Many phrasal verbs have abstract meanings. I'm going to explain this using phrasal verbs formed from the verb 'look'.
An example of a phrasal verb with a concrete meaning is 'look for' (buscar).Here are some examples of phrasal verbs with abstract meanings with the verb 'look':
look forward to: await with excitement/ long for (tener muchas ganas de)
look back (on): reflect on/ reminisce about (recordar)
look up to: admire/ respect/ regard highly (admirar)
look down on: disdain/ regard with contempt (despreciar)
look after: take care of/ care for (cuidar de)
These meanings are more abstract and less related to the physical action of looking. Synonyms are a good way of understanding and learning the meaning of these abstract phrasal verbs. Sometimes these can be cognates(similar words in different languages), which will help you remember their meanings eg. 'admire' and 'admirar' are cognates.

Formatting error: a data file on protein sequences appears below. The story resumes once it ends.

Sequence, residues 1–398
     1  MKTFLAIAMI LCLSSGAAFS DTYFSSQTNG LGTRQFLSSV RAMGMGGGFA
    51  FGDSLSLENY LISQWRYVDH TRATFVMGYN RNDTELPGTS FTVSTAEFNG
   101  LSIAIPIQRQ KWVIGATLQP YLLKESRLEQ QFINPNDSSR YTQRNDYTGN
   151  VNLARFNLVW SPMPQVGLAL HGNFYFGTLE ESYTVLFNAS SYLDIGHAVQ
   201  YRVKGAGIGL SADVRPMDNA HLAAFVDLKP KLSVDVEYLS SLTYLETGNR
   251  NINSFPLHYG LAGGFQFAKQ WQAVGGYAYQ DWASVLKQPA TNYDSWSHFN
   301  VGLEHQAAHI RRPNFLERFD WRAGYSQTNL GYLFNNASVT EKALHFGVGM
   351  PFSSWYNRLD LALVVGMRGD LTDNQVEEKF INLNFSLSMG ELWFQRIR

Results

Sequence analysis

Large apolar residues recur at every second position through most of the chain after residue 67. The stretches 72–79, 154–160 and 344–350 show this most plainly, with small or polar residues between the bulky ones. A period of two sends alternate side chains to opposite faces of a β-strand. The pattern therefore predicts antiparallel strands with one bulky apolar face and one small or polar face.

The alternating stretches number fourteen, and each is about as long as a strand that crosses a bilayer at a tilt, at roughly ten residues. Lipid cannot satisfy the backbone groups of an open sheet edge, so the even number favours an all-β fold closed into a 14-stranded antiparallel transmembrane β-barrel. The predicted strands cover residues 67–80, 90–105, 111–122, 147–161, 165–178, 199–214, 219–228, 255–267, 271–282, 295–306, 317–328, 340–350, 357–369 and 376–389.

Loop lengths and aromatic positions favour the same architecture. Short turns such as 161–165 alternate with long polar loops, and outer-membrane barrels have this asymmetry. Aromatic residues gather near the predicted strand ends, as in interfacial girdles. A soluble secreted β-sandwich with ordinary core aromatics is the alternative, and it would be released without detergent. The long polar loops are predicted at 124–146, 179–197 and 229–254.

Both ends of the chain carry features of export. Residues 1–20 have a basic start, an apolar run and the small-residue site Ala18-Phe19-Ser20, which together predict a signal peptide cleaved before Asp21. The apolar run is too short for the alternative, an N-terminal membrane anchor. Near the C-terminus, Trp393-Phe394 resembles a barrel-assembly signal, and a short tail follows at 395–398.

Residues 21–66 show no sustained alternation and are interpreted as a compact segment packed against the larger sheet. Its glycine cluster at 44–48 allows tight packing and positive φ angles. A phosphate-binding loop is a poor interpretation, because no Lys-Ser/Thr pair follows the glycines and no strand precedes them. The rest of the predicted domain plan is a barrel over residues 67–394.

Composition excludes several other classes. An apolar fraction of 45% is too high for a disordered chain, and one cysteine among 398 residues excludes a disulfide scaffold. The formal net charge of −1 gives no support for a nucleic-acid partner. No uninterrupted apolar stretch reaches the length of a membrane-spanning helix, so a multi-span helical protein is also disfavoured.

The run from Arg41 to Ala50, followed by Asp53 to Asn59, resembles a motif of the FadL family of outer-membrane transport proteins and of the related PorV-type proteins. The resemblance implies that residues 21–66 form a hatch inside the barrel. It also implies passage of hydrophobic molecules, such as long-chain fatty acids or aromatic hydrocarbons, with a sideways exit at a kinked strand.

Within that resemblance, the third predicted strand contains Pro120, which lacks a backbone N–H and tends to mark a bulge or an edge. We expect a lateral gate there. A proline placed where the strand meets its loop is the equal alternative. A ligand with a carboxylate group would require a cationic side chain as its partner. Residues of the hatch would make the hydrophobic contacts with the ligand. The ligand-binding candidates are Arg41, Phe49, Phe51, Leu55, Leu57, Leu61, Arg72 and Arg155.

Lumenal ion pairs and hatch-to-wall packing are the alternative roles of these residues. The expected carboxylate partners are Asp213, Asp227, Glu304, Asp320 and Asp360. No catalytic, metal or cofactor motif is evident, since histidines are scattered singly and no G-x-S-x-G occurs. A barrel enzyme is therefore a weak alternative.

A real context such as an article or song will help you understand and remember abstract phrasal verbs. For example, the song 'Don't look back in anger' may help you recall this phrasal verb. One useful tip is to write new phrasal verbs in a personalized example, which will help you recall them eg. I'm really looking forward to my holiday to London this summer.
Testing yourself using synonyms or translations is also a good way of memorizing phrasal verbs. Can you remember the phrasal verbs for the following...?
- cuidar de
- reflect on
- tener muchas ganas de
So, remember although abstract meanings are less transparent, there are effective ways of learning them using synonyms, cognates, real contexts and self-testing. But you'll only get the hang of using them if youmake an effort to use them in your English classes!